Shares of Meta Platforms (META) plunged 24.56% on Oct. 27, wiping nearly $85 billion from the company’s market value in its biggest one-day drop since Feb. 3, and that has spelled bad news for some big mutual fund holders.
Investors sold shares following disappointing third-quarter earnings results, which led Morningstar senior equity analyst Ali Mogharabi to cut his fair value estimate for the social-media giant to $260 from $346.
While Meta’s revenue for the third quarter of $27.71 billion beat forecasts of $27.44 billion, earnings per share fell short. The firm reported EPS of $1.64, below consensus estimates of $1.90, according to FactSet.
Like many other tech companies, a tough macroeconomic environment and currency headwinds have weighed on Meta’s bottom line. However, it’s the company’s commitment to its metaverse strategy that has Mogharabi, and the market, concerned.
“The firm plans to invest significantly more than we had projected in 2023, without much clarity about when any return on this investment could be realized,” he says. “Its guidance for significant operating expense growth in 2023 was disappointing.”
The stock is down 70.88% so far this year, and its influence on the broad market has fizzled. As of Sept. 30, the company represents just 0.89% of the Morningstar US Market Index, less than half of the 1.86% it did a year ago.
Who Owns Meta Stock?
Meta’s impact in some funds has dwindled somewhat since the start of the year, with the current largest actively-managed funds having cut their weighting in the stock over the last nine months. Nonetheless, Meta still has a significant impact on their performance. The stock is mostly favored by large-growth funds.
Take Fidelity Contrafund (FCNTX), a large growth fund with a Morningstar Analyst Rating of Silver. The fund has 6.82% of its assets invested in Meta stock, the largest weighting among the actively managed funds we looked at. Even so, fund manager Will Danoff, who has run the fund since September 1990, trimmed its weight in Meta from 9.82% at the beginning of the year.
Unsurprisingly, Meta stock still has significant sway on Fidelity Contrafund’s returns. The company contributed 7.39 percentage points to the fund’s year-to-date losses of 28.30%. The situation is similar for the fund’s K6 share class (FLCNX), which has the third-largest weighting in Meta stock.
Morningstar strategist Robby Greengold tweeted that the fund has been “a big owner of Meta over the past decade. From 2015 until early 2022, it was its largest position (most of the time).”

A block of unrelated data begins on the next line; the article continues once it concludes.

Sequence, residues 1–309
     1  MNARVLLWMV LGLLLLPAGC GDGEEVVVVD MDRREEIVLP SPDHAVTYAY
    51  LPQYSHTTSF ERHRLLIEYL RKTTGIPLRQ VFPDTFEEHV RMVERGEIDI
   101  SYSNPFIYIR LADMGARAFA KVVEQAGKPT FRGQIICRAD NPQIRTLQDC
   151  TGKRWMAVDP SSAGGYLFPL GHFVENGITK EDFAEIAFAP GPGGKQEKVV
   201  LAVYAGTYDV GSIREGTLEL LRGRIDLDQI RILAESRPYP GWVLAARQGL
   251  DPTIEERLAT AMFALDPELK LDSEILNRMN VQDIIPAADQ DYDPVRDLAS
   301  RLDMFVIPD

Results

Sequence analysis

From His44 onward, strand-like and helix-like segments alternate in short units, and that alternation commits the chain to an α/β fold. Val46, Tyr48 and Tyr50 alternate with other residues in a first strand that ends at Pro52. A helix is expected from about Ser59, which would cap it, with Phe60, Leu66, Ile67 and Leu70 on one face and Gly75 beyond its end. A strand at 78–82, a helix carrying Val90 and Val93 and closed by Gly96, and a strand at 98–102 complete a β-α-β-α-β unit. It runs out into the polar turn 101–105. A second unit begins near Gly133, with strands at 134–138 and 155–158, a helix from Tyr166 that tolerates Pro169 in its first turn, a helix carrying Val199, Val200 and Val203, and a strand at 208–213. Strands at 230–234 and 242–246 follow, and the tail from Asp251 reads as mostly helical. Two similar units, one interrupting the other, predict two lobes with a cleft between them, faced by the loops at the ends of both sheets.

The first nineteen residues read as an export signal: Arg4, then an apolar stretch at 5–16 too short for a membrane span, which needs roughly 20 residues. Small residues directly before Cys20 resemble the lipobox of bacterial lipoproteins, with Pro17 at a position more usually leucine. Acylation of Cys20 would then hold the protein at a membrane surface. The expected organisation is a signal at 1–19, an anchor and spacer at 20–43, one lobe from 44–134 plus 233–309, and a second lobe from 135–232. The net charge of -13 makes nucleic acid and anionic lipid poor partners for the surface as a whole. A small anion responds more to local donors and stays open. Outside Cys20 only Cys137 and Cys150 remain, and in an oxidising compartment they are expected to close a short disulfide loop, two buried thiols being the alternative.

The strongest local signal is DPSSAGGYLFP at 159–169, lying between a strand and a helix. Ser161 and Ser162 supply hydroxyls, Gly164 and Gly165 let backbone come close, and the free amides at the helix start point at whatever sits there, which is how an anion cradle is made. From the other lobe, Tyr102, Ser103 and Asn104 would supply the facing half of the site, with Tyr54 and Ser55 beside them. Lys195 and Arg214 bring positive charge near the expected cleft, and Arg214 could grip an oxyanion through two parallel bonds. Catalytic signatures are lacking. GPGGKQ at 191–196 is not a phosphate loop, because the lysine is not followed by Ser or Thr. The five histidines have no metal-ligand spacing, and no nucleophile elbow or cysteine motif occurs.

In fact, of the 10 actively-managed funds with the largest weights in Meta, four are Fidelity funds, with the remaining two being Fidelity Advisor New Insights I (FINSX), which has a Morningstar Analyst Rating of Bronze, and Fidelity Series Opportunistic Insights (FVWSX), which Morningstar analysts do not cover. Meta stock has consistently been the lead detractor for these four Fidelity funds’ year-to-date returns, contributing at least 6 percentage points to their declines.
The fund with the second-largest weight in Meta stock is The Investment House Growth (TIHGX). The fund has about $147 million in assets, of which 6.21% is weighted toward Meta. It has lost 34.90% for the year, with Meta contributing 6.47 percentage points to that fall.
Meta’s decline has also started to blur the line between it being considered a value or growth stock. The company’s stock has started to be picked up by large blend funds, such as White Oak Select Growth (WOGSX), and large value funds, such as Oakmark Select Investor (OAKLX). Both funds are among those with the highest weight in Meta, which represents at least 4.45% of their portfolio. The two funds fell 20% or more for the year.
For investors who own the most widely held mutual and exchange-traded funds, their exposure is minimal. Among the five largest funds overall, Meta represented less than 2% of their assets, according to the most recently available portfolio holdings data. The SPDR S&P 500 ETF Trust (SPY), the largest fund overall, only had a 0.91% weight in Meta stock on Oct. 26. As of Oct. 27, that has shrunk to 0.69%. The second-largest fund, the Fidelity 500 Index (FXAIX), had a 1.12% weight in Meta as of Aug. 31.
The author or authors do not own shares in any securities mentioned in this article. Find out about Morningstar’s editorial policies.